Facts about Galileo’s other inventions

24. Galileo is also credited with the invention of the military compass, which was used as a calculating device between the 16th and 19th centuries. In addition to the compass, he also invented a thermometer.

25. Galileo also established that in the absence of air resistance, gravity accelerates all objects equally, irrespective of their masses.

26. Galileo was a supporter of “heliocentrism”, an astronomical model where the Sun is the center of the solar system with the Earth and other planets revolving around it.

27. Galileo was the first person to reveal that the Milky Way was composed of stars.

28. Newton’s first law of motion was based on Galileo’s formulation of the concept of inertia. Galileo stated that an object in a state of motion possesses an “inertia” that causes it to remain in that state of motion unless an external force acts on it. Because of this, it is easy to understand why Galileo was called “the father of modern physics” and “the father of modern science.”

29. Galileo’s work, which was opposed by the church during his lifetime, was recognized by the church after his death. In the modern era, 20th century Popes Pius XII and John Paul II made official statements of regret for the church’s treatment of Galileo.

30. Galileo was against Kepler’s theory that the moon caused tides on the Earth, and instead believed that they were due to the rotation of Earth. Surprisingly, Kepler supported Galileo for his work by publishing letters in his support at the time.

31. During his final years when he was blind, Galileo quoted: “Alas! Your dear friend and servant Galileo has been for the last month hopelessly blind; so that this heaven, this earth, this universe, which I by my marvelous discoveries and clear demonstrations had enlarged a hundred thousand times beyond the belief of the wise men of bygone ages, henceforward for me is shrunk into such a small space as is filled by my own bodily sensations.”

32. His book, Sidereus Nuncius or The Starry Messenger, was first published in 1610, making him famous.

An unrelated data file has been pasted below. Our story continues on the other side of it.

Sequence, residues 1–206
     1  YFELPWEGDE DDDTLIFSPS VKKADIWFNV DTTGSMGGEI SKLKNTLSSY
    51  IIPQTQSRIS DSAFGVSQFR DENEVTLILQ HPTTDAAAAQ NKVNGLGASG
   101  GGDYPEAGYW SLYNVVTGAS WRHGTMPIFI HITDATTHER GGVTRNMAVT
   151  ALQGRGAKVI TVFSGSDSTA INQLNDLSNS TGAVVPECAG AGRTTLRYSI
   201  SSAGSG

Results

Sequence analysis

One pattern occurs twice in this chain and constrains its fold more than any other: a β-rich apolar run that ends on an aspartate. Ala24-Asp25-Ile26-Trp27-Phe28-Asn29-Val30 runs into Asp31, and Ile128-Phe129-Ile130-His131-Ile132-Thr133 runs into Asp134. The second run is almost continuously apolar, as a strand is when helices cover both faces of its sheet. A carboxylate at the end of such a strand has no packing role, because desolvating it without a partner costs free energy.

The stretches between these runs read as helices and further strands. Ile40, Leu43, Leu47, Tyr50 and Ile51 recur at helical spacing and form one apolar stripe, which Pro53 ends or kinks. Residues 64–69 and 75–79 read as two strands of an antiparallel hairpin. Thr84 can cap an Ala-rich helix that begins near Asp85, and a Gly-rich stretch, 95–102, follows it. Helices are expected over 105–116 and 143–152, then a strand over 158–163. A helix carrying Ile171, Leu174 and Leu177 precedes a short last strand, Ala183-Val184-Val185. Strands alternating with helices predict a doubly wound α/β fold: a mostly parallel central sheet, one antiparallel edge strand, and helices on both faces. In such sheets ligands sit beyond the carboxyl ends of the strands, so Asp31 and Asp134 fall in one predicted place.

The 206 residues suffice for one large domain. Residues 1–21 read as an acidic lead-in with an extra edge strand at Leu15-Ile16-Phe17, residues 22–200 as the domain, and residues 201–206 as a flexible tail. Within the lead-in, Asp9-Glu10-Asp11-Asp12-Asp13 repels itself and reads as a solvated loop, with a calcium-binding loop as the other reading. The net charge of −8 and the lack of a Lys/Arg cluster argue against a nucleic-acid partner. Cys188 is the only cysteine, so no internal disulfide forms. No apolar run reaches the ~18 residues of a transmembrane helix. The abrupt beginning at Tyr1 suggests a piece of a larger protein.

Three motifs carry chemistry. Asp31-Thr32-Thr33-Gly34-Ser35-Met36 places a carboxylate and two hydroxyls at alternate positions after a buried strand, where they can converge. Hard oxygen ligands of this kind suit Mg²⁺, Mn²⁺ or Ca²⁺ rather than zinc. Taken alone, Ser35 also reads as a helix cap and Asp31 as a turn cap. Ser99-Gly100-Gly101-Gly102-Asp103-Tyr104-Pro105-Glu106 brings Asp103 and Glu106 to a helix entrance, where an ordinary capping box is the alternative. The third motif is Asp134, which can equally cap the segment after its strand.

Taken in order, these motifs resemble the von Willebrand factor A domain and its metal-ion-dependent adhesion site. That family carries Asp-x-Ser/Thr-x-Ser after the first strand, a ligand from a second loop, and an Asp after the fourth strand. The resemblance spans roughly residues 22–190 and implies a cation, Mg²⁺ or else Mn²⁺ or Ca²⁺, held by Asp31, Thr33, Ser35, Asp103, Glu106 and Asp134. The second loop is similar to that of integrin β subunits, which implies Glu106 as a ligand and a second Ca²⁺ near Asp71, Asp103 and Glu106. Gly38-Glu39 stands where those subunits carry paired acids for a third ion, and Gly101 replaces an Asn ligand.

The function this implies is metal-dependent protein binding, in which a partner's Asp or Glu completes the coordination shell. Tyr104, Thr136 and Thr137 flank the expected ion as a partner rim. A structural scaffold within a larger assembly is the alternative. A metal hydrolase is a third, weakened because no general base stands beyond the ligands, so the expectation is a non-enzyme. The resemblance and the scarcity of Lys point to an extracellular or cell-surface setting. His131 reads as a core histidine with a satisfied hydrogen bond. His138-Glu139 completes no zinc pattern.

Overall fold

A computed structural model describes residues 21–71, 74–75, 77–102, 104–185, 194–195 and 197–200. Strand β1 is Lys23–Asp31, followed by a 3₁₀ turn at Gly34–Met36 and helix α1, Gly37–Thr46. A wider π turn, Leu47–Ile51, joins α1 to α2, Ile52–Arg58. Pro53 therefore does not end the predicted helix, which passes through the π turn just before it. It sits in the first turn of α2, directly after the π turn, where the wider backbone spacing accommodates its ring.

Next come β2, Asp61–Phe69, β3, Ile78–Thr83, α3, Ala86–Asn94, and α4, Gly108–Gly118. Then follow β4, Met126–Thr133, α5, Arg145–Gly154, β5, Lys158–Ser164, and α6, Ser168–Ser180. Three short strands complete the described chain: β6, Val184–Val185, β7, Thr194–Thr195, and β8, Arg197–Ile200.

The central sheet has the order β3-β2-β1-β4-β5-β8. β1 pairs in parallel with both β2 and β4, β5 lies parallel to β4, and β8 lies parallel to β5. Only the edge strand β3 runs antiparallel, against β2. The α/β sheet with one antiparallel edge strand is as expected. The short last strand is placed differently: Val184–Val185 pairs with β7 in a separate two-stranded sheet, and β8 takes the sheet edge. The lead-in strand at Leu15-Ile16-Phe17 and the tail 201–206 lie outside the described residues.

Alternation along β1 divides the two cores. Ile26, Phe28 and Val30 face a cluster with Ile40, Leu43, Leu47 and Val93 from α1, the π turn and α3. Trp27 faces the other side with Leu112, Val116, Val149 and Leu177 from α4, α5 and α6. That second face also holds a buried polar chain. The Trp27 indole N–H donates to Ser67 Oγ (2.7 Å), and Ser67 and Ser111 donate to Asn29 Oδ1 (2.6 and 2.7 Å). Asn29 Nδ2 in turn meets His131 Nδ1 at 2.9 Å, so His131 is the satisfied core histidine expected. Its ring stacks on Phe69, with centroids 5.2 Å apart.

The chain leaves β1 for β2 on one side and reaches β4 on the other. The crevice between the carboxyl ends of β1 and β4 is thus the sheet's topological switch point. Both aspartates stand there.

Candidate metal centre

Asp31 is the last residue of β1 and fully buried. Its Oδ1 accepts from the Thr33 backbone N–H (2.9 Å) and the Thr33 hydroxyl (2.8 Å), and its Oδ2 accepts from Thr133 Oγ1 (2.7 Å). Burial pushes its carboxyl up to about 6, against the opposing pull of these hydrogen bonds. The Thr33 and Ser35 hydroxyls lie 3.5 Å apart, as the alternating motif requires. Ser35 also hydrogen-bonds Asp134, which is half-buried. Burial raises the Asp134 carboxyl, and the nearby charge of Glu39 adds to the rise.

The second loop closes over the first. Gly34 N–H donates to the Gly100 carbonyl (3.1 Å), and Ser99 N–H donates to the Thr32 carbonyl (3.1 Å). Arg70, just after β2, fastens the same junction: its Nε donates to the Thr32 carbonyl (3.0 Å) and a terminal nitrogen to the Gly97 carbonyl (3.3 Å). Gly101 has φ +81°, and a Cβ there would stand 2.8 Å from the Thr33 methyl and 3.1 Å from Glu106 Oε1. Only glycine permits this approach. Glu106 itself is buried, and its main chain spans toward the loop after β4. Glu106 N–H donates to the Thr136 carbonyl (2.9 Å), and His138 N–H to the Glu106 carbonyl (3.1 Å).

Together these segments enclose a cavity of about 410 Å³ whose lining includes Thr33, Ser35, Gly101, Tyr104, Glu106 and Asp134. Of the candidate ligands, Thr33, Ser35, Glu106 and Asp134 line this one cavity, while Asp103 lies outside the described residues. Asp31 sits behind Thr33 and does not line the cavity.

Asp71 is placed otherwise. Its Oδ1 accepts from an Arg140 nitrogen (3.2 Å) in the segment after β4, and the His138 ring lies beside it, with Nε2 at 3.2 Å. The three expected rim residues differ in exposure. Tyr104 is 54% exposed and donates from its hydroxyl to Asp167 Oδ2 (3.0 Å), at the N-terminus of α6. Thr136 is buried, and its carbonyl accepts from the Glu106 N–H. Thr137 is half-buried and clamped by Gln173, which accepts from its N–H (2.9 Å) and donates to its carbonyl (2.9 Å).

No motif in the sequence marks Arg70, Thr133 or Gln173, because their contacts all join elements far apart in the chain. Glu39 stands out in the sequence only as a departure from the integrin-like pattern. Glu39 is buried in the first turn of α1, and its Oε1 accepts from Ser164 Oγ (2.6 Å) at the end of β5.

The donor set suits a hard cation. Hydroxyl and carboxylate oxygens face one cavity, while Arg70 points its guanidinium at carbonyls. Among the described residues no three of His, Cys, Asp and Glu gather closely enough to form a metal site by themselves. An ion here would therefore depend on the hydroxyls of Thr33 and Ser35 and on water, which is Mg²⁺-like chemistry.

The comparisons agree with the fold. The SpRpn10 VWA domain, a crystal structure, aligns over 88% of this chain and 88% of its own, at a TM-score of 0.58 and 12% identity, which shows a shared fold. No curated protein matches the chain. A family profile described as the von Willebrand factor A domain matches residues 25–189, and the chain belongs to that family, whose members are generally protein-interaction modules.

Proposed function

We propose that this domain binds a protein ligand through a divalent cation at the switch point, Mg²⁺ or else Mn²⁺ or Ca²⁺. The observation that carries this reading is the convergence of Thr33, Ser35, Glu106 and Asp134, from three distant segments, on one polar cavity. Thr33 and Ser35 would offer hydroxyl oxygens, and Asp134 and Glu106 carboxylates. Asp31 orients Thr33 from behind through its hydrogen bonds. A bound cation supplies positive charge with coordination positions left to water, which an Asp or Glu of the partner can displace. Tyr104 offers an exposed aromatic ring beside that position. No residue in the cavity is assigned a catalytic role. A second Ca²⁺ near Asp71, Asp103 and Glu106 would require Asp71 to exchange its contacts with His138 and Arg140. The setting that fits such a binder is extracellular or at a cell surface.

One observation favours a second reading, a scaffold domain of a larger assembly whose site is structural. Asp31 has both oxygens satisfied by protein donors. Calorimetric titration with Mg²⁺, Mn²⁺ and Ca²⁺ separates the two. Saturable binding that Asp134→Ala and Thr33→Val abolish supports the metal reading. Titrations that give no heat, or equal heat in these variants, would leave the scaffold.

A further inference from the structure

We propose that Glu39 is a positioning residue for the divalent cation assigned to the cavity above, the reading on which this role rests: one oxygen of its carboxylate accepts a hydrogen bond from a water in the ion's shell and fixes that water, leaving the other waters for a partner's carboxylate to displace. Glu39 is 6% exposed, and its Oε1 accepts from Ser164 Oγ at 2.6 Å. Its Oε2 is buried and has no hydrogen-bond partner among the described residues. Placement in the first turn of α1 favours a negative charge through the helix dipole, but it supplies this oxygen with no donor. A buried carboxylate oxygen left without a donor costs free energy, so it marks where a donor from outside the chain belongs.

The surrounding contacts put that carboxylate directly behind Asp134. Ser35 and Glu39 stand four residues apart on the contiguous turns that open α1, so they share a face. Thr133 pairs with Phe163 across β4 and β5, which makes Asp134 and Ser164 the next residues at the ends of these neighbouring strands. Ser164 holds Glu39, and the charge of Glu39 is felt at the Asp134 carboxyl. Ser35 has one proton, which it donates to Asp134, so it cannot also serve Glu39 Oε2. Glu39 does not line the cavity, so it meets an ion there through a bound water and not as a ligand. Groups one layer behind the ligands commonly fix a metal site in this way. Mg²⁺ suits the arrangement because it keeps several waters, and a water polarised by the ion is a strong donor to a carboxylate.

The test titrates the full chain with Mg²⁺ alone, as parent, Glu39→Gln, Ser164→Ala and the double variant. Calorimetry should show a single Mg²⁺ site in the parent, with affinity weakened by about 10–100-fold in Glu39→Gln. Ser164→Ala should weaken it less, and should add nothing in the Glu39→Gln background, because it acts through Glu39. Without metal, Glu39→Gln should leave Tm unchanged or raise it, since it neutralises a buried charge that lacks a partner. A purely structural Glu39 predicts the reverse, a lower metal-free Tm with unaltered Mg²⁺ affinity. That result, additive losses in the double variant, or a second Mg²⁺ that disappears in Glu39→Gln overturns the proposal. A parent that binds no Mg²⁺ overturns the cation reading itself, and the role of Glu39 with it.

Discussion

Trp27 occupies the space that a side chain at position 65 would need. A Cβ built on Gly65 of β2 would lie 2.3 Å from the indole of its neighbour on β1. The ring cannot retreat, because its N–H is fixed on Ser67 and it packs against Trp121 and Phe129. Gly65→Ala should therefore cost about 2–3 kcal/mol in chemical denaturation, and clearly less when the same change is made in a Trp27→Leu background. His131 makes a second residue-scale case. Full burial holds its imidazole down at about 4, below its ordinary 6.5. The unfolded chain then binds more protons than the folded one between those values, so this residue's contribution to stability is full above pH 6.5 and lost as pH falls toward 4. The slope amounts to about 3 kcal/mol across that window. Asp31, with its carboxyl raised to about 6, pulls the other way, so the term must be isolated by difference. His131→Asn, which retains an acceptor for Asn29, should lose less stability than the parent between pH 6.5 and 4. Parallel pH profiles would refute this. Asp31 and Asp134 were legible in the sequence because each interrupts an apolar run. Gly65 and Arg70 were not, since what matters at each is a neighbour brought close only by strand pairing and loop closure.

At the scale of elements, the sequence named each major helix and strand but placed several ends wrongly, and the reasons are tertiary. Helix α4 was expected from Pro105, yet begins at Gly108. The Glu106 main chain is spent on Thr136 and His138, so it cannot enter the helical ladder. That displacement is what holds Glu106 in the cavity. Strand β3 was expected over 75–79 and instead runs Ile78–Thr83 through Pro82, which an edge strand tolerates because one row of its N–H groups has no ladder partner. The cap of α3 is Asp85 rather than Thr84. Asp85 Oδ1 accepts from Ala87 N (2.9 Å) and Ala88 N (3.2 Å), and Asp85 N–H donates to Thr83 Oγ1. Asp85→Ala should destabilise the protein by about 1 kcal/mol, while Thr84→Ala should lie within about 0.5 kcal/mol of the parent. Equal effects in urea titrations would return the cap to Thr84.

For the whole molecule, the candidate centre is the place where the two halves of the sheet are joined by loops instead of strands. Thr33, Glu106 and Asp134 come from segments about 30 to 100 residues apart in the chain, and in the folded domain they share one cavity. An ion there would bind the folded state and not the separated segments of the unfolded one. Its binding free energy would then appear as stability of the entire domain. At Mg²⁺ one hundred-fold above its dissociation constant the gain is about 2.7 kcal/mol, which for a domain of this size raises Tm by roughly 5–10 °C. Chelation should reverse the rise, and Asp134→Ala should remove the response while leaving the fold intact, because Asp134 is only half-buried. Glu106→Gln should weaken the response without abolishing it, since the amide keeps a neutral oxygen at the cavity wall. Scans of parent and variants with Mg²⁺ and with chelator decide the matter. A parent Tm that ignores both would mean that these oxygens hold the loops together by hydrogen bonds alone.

Interesting facts about Galileo’s telescope

Galileo's telescope
Galileo’s telescope. Image credit – University Today

33. Galileo developed a crude refracting telescope at first.

34. His telescope was initially able to magnify only 8x. However, he soon refined it to provide 20x magnifications.

35. The telescope had a convex objective lens and a concave eyepiece in a long tube.

36. His telescope had a very narrow field of view. With it, he could only view about half the width of the moon.

37. He used his telescope to study the moon quite effectively. He concluded that the moon is uneven, rough, and crowded with depressions and bulges. He could also calculate the heights of the mountains on moon by measuring the lengths of their shadows and applying geometry.

38. Another interesting fact about Galileo is that Isaac Newton was born the same year Galileo died. Newton did a lot of work on the motion of bodies, and took Galileo’s ideas forward, presenting to the world the fundamental equations and data we use in our daily lives.

39. Because of church opposition regarding his promotion of the theories supporting heliocentrism, Galileo had to adopt a principal of a “double truth,” publicly disowning his convictions, while remaining privately and intimately convinced of the truth in his theories.

40. Galileo’s book, the Dialogue Concerning the Two Chief World Systems was banned by the church at that time. However, the ban on the book was lifted in 1835 by the church some 200 years after its original publication.

Famous quotes by Galileo Galilei

  1. “I do not feel obliged to believe that the same God who has endowed us with sense, reason and intellect has intended us to avoid their use.”
  2. “You cannot teach a man anything; you can only help him find it within himself.”
  3. “All truths are easy to understand once they are discovered; the point is to discover them.”
  4. “By denying scientific principles, one may maintain any paradox.”
  5. “I have never met a man so ignorant that I couldn’t learn something from him.”
  6. “In questions of science, the authority of a thousand is not worth the humble reasoning of a single individual.”
  7. “Passion is the genesis of genius.”
  8. “Philosophy is written in that great book which ever lies before our eyes — I mean the universe — but we cannot understand it if we do not first learn the language and grasp the symbols, in which it is written”
  9. “They seemed to forget that the increase of known truths stimulates the investigation, establishment and growth of the arts; not their destruction.”
  10. Thought is the most pleasing ability granted to human kind.”

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Quick facts about Galileo Galilei

Born15 February 1564
Pisa, Duchy of Florence, Italy
Died8 January 1642 (aged 77)
Arcetri, Grand Duchy of Tuscany, Italy
Languages KnownItalian
Age at the time of death77 years
Field of WorkAstronomy, physics, engineering, natural philosophy, mathematics
Known forKinematics
Telescopic observational astronomy
ContributionsScience and Physics